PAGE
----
How Do Get to Minnehaha Falls?

Minnehaha Park is conveniently on the Light Rail, which means it is easy to access from both the Mall of America area and Downtown Minneapolis even if you don’t have a car.

If you do have a car, parking is not free (Minneapolis charges for parking at almost every park in their system) but it is a quick trip from Downtown.


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Resource : Minneapolis Parks website

  1. Kim Orlando 20 August, 2013

    Just the name alone makes me smile MinneHAHA. I love to hike and had not put MN on my list. Adding now.

    • Amy Moore 20 August, 2013

      Ha! Yes, it is a fun name. Minnesota is a great place for outdoor family adventure. It doesn’t get too hot in the summer, and it is just gorgeous. More posts coming!

  2. Connie Resnik 20 August, 2013

    Such a pretty waterfall in a big city!

  3. Fiona Tierri 20 August, 2013

    I grew up hearing the name “Hiawatha” and the poem, but I didn’t know that it tied to a waterfall or had anything to do with the Great Lakes region. You learn something new every day!

    • Amy Moore 20 August, 2013

      Growing up in Texas, I hadn’t heard of the Ojibwa. We focused on the Navajo, Apache and other southwest tribes. But the Ojibwa have a fascinating history, and great stories. They shouldn’t be overlooked.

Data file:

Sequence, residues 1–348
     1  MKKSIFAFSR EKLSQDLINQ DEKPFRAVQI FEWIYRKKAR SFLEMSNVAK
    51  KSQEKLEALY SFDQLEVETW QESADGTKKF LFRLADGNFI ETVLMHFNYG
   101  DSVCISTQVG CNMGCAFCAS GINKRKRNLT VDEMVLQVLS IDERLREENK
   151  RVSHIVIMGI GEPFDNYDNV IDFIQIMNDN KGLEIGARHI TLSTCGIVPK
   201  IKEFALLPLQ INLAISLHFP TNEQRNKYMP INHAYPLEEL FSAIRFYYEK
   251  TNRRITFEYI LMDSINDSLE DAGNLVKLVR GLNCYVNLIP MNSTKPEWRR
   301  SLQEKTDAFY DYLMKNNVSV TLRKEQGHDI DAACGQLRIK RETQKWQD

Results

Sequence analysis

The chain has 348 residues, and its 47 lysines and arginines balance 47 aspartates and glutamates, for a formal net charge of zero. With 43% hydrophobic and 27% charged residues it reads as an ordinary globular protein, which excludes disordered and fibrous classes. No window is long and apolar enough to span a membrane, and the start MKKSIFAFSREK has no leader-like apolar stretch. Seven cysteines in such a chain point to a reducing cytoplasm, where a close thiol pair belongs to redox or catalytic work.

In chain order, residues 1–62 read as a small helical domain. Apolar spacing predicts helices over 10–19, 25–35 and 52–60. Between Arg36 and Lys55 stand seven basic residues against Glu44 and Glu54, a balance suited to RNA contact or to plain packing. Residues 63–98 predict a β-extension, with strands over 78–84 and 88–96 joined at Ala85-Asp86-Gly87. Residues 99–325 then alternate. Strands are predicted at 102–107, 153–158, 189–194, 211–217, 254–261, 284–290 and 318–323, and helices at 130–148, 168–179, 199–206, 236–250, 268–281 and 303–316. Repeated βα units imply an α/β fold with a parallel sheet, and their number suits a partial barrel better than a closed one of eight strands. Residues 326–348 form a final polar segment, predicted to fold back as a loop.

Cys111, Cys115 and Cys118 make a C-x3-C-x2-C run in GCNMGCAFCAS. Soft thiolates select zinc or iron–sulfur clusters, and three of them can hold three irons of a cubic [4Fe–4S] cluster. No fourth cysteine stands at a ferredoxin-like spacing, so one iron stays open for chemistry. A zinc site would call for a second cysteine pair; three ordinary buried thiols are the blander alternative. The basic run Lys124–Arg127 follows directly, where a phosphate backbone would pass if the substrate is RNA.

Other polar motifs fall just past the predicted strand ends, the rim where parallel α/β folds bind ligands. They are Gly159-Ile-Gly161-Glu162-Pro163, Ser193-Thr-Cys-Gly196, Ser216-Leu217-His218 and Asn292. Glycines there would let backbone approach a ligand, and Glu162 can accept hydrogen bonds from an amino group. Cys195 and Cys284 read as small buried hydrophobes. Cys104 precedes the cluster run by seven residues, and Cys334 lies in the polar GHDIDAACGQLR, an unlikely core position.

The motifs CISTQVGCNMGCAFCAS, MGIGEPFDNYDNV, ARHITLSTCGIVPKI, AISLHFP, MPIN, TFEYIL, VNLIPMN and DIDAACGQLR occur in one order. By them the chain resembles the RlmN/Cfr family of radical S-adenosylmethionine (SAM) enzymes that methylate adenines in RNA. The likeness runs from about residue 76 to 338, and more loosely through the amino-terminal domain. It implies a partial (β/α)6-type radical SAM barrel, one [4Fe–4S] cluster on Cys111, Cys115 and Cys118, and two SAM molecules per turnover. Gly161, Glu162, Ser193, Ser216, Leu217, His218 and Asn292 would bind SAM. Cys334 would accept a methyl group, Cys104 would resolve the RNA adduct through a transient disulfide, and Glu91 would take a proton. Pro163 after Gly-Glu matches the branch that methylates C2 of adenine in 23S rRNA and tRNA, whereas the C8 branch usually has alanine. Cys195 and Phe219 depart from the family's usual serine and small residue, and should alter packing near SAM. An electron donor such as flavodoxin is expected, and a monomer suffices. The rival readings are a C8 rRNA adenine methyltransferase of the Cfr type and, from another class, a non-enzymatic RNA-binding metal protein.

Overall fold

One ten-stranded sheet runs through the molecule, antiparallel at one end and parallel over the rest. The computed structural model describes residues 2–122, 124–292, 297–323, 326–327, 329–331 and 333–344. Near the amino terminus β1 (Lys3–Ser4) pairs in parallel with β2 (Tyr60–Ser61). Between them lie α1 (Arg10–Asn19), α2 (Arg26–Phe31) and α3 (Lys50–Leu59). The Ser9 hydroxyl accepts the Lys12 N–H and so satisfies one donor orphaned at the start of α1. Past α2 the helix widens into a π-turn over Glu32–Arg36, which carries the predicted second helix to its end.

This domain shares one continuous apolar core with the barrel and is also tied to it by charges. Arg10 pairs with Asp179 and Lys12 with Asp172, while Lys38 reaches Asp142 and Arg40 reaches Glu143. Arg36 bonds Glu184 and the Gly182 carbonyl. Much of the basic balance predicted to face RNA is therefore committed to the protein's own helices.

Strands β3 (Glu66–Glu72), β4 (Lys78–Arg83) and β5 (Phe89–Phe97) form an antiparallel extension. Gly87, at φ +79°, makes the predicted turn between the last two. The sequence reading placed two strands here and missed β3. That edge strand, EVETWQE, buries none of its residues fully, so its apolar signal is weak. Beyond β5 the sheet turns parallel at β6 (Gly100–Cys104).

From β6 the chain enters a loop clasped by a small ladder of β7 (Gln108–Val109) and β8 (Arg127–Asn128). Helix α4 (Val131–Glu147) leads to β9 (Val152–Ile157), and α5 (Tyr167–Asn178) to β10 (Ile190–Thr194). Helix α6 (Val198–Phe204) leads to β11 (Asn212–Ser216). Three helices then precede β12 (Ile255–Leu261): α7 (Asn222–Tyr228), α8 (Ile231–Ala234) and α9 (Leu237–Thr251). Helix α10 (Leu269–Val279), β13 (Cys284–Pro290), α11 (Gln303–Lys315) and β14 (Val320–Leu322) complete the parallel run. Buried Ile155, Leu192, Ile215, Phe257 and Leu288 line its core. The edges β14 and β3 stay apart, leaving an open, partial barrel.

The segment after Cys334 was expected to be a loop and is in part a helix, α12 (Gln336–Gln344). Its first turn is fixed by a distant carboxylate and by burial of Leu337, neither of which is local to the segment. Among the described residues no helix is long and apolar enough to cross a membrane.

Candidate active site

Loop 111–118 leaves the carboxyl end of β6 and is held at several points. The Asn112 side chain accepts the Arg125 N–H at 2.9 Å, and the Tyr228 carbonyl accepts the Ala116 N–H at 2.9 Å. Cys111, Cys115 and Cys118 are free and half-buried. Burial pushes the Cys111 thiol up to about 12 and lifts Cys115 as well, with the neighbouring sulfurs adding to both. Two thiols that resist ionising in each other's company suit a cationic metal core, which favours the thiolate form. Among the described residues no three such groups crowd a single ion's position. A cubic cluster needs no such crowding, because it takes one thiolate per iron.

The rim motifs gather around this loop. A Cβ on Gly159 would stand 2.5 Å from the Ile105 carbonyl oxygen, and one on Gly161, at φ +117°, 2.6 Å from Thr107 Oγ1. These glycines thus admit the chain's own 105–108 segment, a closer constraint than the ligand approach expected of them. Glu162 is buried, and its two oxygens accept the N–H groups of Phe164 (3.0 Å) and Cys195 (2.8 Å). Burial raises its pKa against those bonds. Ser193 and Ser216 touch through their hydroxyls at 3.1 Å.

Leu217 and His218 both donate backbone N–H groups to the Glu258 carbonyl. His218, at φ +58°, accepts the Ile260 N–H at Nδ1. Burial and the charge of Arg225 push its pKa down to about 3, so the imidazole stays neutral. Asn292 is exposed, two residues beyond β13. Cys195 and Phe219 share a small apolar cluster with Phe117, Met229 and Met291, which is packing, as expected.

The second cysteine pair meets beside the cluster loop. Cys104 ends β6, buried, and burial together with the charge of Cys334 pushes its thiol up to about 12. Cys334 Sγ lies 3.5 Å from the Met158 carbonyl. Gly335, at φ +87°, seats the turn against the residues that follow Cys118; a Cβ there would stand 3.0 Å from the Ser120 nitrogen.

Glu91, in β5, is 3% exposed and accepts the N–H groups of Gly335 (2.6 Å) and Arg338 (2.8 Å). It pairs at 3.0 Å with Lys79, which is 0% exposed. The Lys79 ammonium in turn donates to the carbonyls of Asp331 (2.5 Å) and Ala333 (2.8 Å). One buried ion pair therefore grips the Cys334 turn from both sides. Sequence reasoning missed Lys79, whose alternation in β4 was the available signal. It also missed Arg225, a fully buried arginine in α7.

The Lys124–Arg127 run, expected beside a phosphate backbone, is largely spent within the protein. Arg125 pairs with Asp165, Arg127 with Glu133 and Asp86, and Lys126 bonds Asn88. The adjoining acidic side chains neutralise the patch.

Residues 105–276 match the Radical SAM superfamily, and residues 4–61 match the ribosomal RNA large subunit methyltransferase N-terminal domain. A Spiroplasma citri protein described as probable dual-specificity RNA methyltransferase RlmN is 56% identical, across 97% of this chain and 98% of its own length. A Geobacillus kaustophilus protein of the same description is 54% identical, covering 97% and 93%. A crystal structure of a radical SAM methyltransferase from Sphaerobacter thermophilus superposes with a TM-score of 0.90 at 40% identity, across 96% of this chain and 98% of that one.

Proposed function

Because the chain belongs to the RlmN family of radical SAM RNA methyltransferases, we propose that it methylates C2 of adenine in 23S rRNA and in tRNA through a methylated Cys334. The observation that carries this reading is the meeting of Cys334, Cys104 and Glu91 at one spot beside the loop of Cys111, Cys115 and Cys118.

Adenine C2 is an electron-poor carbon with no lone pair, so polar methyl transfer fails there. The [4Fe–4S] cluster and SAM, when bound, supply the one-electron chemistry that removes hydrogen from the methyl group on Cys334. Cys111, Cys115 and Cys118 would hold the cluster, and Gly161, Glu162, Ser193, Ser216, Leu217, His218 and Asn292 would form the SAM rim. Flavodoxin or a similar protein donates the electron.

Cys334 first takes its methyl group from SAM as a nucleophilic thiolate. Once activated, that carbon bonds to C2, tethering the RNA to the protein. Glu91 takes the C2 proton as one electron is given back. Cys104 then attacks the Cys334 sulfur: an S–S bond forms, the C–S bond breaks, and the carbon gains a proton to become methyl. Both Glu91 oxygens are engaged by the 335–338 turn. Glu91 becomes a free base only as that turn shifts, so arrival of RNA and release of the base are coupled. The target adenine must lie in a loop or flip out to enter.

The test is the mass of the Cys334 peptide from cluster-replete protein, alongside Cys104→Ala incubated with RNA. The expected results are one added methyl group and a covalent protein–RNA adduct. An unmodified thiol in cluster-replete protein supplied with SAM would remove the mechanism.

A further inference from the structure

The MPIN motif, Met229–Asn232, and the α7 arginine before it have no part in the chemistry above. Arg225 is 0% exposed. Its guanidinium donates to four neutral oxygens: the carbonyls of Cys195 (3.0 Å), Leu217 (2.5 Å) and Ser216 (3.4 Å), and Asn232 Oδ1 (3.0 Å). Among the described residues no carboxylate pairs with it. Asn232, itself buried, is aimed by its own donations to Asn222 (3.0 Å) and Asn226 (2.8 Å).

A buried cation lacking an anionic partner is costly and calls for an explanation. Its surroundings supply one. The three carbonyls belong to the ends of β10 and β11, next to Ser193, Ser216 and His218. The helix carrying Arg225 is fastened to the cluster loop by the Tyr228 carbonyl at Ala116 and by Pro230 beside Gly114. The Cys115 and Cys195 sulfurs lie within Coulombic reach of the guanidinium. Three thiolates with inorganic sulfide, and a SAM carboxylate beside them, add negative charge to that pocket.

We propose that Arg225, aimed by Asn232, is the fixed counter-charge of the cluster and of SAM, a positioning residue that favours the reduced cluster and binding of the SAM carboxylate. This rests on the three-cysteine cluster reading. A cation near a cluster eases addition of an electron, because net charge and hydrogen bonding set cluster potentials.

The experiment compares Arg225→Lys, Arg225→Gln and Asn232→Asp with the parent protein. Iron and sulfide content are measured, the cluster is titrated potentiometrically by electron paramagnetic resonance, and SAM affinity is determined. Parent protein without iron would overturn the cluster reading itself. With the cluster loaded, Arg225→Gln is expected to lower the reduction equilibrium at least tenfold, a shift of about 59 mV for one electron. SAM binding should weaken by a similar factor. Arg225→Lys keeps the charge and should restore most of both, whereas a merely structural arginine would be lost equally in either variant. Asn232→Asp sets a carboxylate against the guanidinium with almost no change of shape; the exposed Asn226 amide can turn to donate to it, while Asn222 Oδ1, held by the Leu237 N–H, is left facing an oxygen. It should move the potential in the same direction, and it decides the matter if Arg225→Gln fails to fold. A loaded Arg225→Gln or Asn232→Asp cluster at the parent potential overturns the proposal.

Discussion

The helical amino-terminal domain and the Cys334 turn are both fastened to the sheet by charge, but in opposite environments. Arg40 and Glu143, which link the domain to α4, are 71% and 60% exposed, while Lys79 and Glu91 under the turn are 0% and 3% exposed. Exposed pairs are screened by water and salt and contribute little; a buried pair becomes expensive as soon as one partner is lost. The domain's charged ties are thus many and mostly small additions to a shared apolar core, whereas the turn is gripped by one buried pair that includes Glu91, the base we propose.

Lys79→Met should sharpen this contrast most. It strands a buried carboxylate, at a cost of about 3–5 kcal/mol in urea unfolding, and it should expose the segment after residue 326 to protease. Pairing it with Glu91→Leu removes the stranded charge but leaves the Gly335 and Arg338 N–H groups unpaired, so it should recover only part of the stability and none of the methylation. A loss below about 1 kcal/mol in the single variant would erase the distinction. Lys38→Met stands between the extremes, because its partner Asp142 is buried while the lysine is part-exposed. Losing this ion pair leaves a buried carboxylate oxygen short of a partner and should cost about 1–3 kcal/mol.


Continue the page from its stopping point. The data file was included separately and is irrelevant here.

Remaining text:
4. Muza-chan 22 August, 2013

    Beautiful place…

  5. Sere@Light Of World Photography 22 August, 2013

    Oh wow look at that fall! My son and I were just there last October and it was literally a trickle. In fact my son was playing around on the ledge underneath where the falls are in your picture. Amazing how that works! I loved Minehaha, we were able to bicycle and we walked some of the trails there as well. Looks like you all had a fun time too!

    • Amy Moore 23 August, 2013

      Yeah, there was a lot of snow this year in the Midwest. Pretty sure it even snowed in May. The water was powerful!

  6. noel 22 August, 2013

    great story, insight and images – enjoyed reading your post

  7. Marcia 22 August, 2013

    We studied Longfellow in school and had to learn this poem.
    The falls are beautiful, even more so because of its location. Interesting that Longfellow never visited.

  8. budgetjan 22 August, 2013

    Gorgeous. Reminds me of a waterfall on the Atherton Tablelands in N.Q. Australia. It makes me feel cool (it is a little hot here at the moment). The circular rock opening at the falls makes me think of a volcanic crater.

  9. Michele {Malaysian Meanders} 24 August, 2013

    I can see why Longfellow was inspired, even by just a picture. The falls frozen over must be quite the sight!

  10. Marisol@TravelingSolemates 25 August, 2013

    Hi Amy, This is the first time I heard of Minnehaha Falls. It’s such a beautiful fall and the Longfellow connection is quite interesting. I can see through your lovely photo why he would be inspired. I wish I knew about this fall when I used to travel to Minneapolis for business trips. Such a shame bec it’s so accessible from Downtown.